Sunday, July 24, 2011

Medical technology R&D

New material could offer hope to those with no voice

The team led by Langer and Zeitels has now developed a polymer gel that they hope to start testing in a small clinical trial next year. The gel, which mimics key traits of human vocal cords, could help millions of people with voice disorders—not just singers such as Andrews and Steven Tyler, another patient of Zeitels'.

About 6% of the U.S. population has some kind of voice disorder, and the majority of those cases involve scarring of the vocal cords, says Sandeep Karajanagi, a former MIT researcher who developed the gel while working as a postdoc in the Langer lab. Many of those are children whose cords are scarred from intubation during surgery, while others are victims of laryngeal cancer.

Other people who could benefit are those with voices strained from overuse, such as teachers. “This would be so valuable to society, because every time a person loses their voice, say, a teacher or a politician, all of their contributions get lost to society, because they can’t communicate their ideas,” Zeitels says.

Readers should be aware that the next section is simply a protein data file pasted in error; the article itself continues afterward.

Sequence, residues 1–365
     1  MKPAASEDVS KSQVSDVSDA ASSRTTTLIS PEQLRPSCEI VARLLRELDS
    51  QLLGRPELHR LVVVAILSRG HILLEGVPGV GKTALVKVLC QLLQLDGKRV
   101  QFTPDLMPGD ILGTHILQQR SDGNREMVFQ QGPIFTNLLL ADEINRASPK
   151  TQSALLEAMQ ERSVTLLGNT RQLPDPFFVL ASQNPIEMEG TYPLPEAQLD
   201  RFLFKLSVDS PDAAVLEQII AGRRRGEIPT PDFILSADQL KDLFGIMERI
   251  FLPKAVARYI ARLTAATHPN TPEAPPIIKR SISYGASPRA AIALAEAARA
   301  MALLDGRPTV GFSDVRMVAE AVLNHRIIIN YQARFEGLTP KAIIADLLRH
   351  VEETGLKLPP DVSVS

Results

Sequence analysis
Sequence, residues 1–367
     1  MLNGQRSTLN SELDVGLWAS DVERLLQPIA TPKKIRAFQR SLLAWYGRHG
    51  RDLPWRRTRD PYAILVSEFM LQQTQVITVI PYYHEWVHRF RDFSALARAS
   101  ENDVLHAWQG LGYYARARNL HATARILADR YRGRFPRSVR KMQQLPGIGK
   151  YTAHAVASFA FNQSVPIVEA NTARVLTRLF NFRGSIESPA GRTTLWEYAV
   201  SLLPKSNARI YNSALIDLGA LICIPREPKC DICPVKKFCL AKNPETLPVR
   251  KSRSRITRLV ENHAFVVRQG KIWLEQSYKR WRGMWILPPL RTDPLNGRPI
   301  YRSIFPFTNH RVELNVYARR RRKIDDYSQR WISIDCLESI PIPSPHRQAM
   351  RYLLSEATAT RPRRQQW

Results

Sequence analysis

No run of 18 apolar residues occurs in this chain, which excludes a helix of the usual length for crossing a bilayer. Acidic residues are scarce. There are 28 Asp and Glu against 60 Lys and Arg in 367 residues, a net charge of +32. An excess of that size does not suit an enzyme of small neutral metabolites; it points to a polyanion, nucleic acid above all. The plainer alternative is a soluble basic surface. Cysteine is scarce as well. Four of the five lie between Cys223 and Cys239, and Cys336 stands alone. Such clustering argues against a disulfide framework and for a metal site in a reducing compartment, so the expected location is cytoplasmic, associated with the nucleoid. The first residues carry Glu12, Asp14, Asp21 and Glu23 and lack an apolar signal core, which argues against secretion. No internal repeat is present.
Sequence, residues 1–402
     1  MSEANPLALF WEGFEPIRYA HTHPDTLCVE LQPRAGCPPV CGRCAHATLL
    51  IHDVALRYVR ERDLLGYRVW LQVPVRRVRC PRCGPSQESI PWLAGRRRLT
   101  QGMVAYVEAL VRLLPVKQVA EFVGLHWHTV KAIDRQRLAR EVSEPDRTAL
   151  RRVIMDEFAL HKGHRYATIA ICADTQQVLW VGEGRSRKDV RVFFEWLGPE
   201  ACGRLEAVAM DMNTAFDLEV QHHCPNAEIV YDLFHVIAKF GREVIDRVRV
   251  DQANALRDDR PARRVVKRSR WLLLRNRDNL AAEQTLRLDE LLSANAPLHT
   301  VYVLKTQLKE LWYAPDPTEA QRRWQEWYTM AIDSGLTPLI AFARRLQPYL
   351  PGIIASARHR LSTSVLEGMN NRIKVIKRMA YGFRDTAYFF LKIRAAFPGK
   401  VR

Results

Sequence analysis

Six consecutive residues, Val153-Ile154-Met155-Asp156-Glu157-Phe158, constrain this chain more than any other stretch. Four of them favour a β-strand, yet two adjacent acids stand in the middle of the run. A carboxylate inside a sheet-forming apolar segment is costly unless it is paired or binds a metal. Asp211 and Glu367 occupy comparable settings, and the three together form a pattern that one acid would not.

Don't give up hope. Medical technology has come a long way and the best is yet to come. I've moved on from developing cardiac devices and am now on the forefront of implantables and devices for microsurgery and implantable biologics.


  1. i suffer from laryngeal paralysis, and a vocal cord to match.

    having another implant put in, as well as a restructuring of the larygeal cartilidge.

    this has been going on for nearly three years and hoping this is the last of it.
    having a barely audible voice really sucks when you are naturally as talkative as i.

  2. I’ve been teaching almost 15 years and I’ve come up against grumpy old men and women too. Even recently but now online too. I usually ignore them and go on with what I consider to be important for learning. It doesn’t matter if it’s been tried before, it’s trying again and making it even better that leads to progress. Take an idea and improve it.